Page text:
For instance, I started homebrewing last year and found podcasts to be indespensible (basic brewing radio/video, brew bubbas, brewcrazy, etc). Later, I came across the Skeptics Guide to the Universe and was introduced to the skepticism community (SGU, skeptoid, skepticality, logically critical, etc) and atheism (MN Atheists, infidel guy, dogma free america, etc) and language (word nerds) and of course science, many of which were listed above.
    My biggest problem now is finding time to listen to them all.
    Anyway, if you have any other good suggestions, please post!

  7. #7 Sandra Porter
    September 25, 2007

    I’ll do that. I’m teaching an on-line course from January to May for Austin Community College, so I have a bit of incentive to find some good stuff to complement my class.

  8. #8 Bonnie
    September 25, 2007

    I am a new science librarian with a masters degree in Geology. I am slowly trying to learn the language of the other sciences (esp. Chemistry, Biology and Physics) as I work with those departments, and it is definately tricky.

    I remember the first time I read a paleontology paper – I understood about 10% of the words used, mostly a, and and the.

    Podcasts (and ScienceBlogs.com) have helped me learn the other languages I need to know.

  9. #9 Chris
    September 25, 2007

    Correct me if I’m wrong, but I think you mean pidgin science.

    If you like science podcasts, check out Quirks and Quarks, the Canadian version of Science Friday. I’ve also heard good things about Radio Lab, but haven’t had a chance to check it out yet.

  10. #10 Sandra Porter
    September 25, 2007

    Chris: yes, “pidgin” does seem a bit better. I guess that’s what I get for using Google to check my spelling.

    Thanks for the recommendations, too! With all these recommendations, I’ll have to see if I can listen to podcasts while riding my bike to work and not just while driving to Portland.

  11. #11 Spaulding
    September 25, 2007

    Someone asked me what a molecule was. I was stunned.

    Yeah, that’s the proper reaction. How can a person make it even to High School without knowing what a molecule is? I’m hoping that this was a foreign student whose native language just uses a different word for “molecule.” Your patience is admirable, but it really sounds like the student’s in the wrong class. The same would be true of a literature student who asks “what’s a story?” or a business student who asks “what’s a business?”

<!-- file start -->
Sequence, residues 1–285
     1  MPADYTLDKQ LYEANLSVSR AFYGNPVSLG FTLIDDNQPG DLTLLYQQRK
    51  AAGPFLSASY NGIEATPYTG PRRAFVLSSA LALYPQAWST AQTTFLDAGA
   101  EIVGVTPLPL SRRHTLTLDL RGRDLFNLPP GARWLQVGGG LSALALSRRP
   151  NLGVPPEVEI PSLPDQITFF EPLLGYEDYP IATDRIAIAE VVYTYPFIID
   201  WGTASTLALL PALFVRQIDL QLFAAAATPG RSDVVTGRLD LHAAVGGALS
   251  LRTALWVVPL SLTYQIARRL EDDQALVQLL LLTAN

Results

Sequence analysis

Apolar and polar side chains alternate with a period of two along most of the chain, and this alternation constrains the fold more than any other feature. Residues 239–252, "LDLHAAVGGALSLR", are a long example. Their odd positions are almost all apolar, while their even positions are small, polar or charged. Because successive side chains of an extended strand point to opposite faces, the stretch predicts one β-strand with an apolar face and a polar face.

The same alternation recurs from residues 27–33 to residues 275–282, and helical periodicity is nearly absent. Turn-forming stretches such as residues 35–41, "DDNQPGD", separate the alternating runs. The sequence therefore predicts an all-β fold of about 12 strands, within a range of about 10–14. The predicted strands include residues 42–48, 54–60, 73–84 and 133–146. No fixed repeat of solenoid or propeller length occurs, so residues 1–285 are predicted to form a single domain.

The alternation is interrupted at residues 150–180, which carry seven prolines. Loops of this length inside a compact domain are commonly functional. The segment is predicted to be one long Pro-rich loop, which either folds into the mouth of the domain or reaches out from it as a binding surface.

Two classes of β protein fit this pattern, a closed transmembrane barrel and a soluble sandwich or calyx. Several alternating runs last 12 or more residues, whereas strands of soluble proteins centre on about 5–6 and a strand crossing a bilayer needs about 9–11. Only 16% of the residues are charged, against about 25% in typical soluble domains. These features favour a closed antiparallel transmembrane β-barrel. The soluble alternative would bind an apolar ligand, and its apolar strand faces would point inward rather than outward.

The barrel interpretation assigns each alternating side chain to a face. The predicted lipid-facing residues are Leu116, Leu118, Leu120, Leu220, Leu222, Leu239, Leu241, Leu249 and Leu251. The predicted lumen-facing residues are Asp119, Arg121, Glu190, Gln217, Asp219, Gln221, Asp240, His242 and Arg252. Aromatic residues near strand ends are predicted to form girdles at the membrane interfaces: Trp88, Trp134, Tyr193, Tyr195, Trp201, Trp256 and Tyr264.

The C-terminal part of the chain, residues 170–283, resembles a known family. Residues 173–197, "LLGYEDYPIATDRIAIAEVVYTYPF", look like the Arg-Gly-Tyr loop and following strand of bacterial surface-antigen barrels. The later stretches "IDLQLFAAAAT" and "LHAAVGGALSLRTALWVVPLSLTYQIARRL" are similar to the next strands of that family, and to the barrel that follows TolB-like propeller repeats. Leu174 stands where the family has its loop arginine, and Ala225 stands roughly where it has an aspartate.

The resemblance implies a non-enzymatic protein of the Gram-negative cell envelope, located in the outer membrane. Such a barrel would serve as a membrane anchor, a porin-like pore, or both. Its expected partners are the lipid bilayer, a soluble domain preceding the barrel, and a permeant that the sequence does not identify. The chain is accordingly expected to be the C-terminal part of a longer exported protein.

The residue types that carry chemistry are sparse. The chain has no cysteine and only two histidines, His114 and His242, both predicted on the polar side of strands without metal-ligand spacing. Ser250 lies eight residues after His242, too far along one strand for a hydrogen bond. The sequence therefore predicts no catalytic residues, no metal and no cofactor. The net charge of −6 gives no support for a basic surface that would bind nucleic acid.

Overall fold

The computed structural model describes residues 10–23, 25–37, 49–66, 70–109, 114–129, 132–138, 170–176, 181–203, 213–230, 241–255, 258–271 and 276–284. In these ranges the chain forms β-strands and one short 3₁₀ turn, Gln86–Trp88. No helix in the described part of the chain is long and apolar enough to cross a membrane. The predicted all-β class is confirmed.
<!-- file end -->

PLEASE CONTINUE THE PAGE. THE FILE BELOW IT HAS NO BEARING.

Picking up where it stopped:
12. #12 Sandra Porter
    September 25, 2007

    Spaulding: This student wasn’t that unusual.

    I ended up explaining the concept of a molecule many times during my tenure at the community college. Most students don’t admit that they don’t know because they also, believe that this is something that they should know, but…..often, they don’t.

    Even students that came to our program with bachelor’s degrees in hand were a bit shaky on the subject. In our classes, however, they spent a year having to calculate things like picomoles of DNA fragments and the molecular weights of proteins, so they were forced to come to terms with concepts like molecules, moles, whether they wanted to or not.

  13. #13 hip hip array
    September 26, 2007

    You go from an environment where your fellow students and co-workers spend time chatting about TV shows and bands to a place where people debate PCR techniques and hybridization conditions as a normal part of everyday conversation and even carry issues of Science or Nature to the restroom or on the bus.

    If you’re lucky. I spent three years as a postdoc trying to ignore nonstop nattering about baseball, Star Wars movies, and every detail of an overly loquacious technician’s unhappy dating life.

  14. #14 Anonymous
    December 22, 2007

    I remember the first time I read a paleontology paper – I understood about 10% of the words used, mostly a, and and the.

    Podcasts (and ScienceBlogs.com) have helped me learn the other languages I need to know.